Please ensure you check the module availability box for each module outline, as not all modules will run in each academic year. Each module description relates to the year indicated in the module availability box. Please be aware that modules may change from year to year, and may be amended to take account of, for example: changing staff expertise, disciplinary developments, the requirements of external bodies and partners, and student feedback.
Department: English Studies
T S Eliot
||Available in 2019/20
Excluded Combination of Modules
- This module aims to examine in depth a range of poetry and prose criticism by the acclaimed Nobel Prize winning author, T. S. Eliot. The module seeks to gain an enhanced understanding of the radical modernist avant-garde techniques that were employed by Eliot, including close attention to the allusions that are a marked feature of his poetry. The module will challenge students to reflect critically upon the cultural, social and political contexts relevant to Eliot’s controversial contemporary and his later academic reception history, while encouraging and supporting students to develop their analytical, interpretative and critical skills to an advanced level.
- Selections of poems will be taken from across Eliot’s career, from the groundbreaking radical modernism contained in his first volume Prufrock and Other Observations (1917), to the harsh (and controversial) satirical quatrains that appear in Poems (1920), to the masterpieces of The Waste Land (1922) and Four Quartets (1943). These major poems will be supplemented by additional poems taken from the new fully annotated edition of The Poems of T. S. Eliot (2015), edited by Sir Christopher Ricks and Jim McCue. We will also be examining a selection of Eliot’s key literary-critical essays taken from the new fully annotated editions of The Complete Prose of T. S. Eliot (the module leader is an integral member of the editorial team for these new scholarly editions), and these selections will be supplemented by extracts from Eliot’s late (and, once again, highly controversial) social and cultural criticism.
- On completion of this module, students will possess:
- A sophisticated awareness of the rhetorical techniques employed by Eliot’s poetry.
- A knowledge of the reception and critical debates surrounding Eliot’s poetry and prose.
- An appreciation of the political and social contexts in which Eliot intervened in contemporary public debate.
- Students studying this module will develop:
- Advanced critical skills in the close reading and analysis of literary and historical texts;
- An ability to offer advanced analysis of formal and aesthetic dimensions of literature;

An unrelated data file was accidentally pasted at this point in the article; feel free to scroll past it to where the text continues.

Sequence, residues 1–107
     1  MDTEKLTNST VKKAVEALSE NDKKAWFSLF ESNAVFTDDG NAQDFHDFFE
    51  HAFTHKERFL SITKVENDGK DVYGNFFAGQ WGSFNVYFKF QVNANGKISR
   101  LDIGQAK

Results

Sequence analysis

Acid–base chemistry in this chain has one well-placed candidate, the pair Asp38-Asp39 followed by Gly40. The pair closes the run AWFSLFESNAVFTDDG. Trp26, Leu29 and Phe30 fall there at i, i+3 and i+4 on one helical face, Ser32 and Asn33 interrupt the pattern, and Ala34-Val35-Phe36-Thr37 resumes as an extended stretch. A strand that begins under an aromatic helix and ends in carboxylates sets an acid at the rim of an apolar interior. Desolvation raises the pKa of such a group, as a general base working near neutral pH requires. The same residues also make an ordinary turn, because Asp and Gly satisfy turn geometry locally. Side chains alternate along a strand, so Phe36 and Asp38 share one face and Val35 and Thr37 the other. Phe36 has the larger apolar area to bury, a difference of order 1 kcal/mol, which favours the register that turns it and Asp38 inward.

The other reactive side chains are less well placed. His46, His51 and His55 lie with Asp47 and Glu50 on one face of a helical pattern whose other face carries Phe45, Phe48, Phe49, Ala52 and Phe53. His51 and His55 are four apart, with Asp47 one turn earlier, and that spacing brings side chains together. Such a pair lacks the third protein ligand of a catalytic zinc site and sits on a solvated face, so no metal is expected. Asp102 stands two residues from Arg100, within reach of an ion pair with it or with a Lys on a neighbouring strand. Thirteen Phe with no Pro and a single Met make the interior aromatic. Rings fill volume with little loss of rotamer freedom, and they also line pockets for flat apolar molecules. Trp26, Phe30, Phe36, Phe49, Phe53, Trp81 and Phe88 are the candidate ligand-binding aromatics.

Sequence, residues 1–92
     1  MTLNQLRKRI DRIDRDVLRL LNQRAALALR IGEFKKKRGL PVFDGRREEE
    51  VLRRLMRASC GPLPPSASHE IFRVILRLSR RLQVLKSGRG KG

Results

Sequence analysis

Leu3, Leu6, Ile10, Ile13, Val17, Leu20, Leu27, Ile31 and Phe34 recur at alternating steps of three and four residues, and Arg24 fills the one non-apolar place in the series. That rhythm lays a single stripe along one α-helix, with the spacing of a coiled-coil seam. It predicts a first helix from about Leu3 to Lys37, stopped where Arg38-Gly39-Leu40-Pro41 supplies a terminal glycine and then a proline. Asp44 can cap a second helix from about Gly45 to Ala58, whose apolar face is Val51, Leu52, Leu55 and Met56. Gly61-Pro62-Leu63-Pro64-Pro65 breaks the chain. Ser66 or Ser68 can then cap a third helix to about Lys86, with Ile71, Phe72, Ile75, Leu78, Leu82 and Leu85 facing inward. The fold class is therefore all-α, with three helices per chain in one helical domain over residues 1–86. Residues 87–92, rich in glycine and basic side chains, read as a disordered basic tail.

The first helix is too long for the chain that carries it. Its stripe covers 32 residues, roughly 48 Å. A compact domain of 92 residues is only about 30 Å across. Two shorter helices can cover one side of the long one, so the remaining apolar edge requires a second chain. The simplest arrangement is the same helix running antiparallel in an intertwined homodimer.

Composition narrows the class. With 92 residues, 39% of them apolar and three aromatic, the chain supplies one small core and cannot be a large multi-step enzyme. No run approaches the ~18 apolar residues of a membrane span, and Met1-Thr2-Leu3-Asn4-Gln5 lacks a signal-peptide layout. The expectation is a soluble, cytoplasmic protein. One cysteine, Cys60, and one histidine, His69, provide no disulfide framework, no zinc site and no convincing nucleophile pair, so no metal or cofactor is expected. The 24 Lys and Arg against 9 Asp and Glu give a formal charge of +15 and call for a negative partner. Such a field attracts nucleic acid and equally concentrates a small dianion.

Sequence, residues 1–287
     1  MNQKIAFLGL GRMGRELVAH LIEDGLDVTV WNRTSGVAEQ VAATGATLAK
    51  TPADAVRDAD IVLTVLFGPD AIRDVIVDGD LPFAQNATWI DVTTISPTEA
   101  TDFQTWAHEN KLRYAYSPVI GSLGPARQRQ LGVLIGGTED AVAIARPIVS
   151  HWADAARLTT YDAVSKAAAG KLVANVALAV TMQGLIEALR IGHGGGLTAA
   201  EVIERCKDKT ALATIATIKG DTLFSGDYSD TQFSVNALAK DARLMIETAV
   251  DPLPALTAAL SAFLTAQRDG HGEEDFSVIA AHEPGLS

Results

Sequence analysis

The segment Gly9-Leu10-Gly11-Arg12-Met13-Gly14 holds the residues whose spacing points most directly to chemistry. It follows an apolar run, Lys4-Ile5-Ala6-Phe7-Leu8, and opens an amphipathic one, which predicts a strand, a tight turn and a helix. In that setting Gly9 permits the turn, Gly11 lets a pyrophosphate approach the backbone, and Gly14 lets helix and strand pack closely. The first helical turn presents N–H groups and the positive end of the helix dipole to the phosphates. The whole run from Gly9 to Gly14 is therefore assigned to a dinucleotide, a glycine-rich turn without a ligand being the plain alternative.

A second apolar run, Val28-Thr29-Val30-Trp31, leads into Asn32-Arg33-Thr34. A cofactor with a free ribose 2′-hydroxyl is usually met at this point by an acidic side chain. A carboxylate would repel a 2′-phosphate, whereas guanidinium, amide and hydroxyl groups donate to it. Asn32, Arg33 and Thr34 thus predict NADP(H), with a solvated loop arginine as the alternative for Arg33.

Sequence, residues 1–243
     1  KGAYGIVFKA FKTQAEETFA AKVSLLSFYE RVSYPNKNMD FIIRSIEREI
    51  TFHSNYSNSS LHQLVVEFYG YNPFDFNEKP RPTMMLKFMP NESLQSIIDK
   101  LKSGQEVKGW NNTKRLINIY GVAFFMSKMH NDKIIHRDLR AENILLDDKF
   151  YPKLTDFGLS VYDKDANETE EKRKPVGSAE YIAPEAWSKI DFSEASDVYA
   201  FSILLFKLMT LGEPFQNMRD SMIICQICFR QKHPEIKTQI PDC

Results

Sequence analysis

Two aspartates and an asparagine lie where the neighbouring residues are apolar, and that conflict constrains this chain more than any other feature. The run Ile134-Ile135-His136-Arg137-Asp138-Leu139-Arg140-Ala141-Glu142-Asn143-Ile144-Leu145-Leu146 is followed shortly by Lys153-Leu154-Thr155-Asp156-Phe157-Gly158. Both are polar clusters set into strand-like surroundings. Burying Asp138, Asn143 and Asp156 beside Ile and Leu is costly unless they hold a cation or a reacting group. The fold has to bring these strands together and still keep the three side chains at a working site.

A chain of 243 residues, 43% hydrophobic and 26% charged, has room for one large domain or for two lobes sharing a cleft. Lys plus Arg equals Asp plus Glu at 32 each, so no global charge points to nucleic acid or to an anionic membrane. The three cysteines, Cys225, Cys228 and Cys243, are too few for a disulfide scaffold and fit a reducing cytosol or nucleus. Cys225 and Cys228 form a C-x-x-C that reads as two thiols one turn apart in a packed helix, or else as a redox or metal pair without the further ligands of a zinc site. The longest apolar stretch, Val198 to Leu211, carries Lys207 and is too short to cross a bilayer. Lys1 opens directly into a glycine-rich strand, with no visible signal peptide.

- An ability to articulate and substantiate at a high level an imaginative response to literature;
- An ability to demonstrate an advanced understanding of the cultural, intellectual, socio-political contexts of literature;
- An ability to articulate an advanced knowledge and understanding of conceptual or theoretical literary material;
- An advanced command of a broad range of vocabulary and critical literary terminology.
- Students studying this module will develop:
- an advanced ability to analyze critically;
- an advanced ability to acquire complex information of diverse kinds in structured and systematic ways;
- an advanced ability to interpret complex information of diverse kinds through the distinctive skills derived from the subject;
- expertise in conventions of scholarly presentation and bibliographical skills;
- an independence of thought and judgement, and ability to assess acutely the critical ideas of others;
- sophisticated skills in critical reasoning;
- an advanced ability to handle information and argument critically;
- a competence in information-technology skills such as word-processing and electronic data access;
- professional organization and time-management skills.
Modes of Teaching, Learning and Assessment and how these contribute to
the learning outcomes of the module
- Students are encouraged to develop advanced conceptual abilities and analytical skills as well as the ability to communicate an advanced knowledge and conceptual understanding within seminars; the capacity for advanced independent study is demonstrated through the completion of two assessed pieces of work.
- Typically, directed learning may include assigning student(s) an issue, theme or topic that can be independently or collectively explored within a framework and/or with additional materials provided by the tutor. This may function as preparatory work for presenting their ideas or findings (sometimes electronically) to their peers and tutor in the context of a seminar.
Teaching Methods and Contact Hours
||Fortnightly in the Michaelmas and Epiphany terms
|Independent student research supervised by the Module Convenor
|Preparation and Reading
||Component Weighting: 100%
||Length / duration
■ Attendance at all activities marked with this symbol will be monitored. Students who fail to attend these activities, or to complete the summative or formative assessment specified above, will be subject to the procedures defined in the University's General Regulation V, and may be required to leave the University
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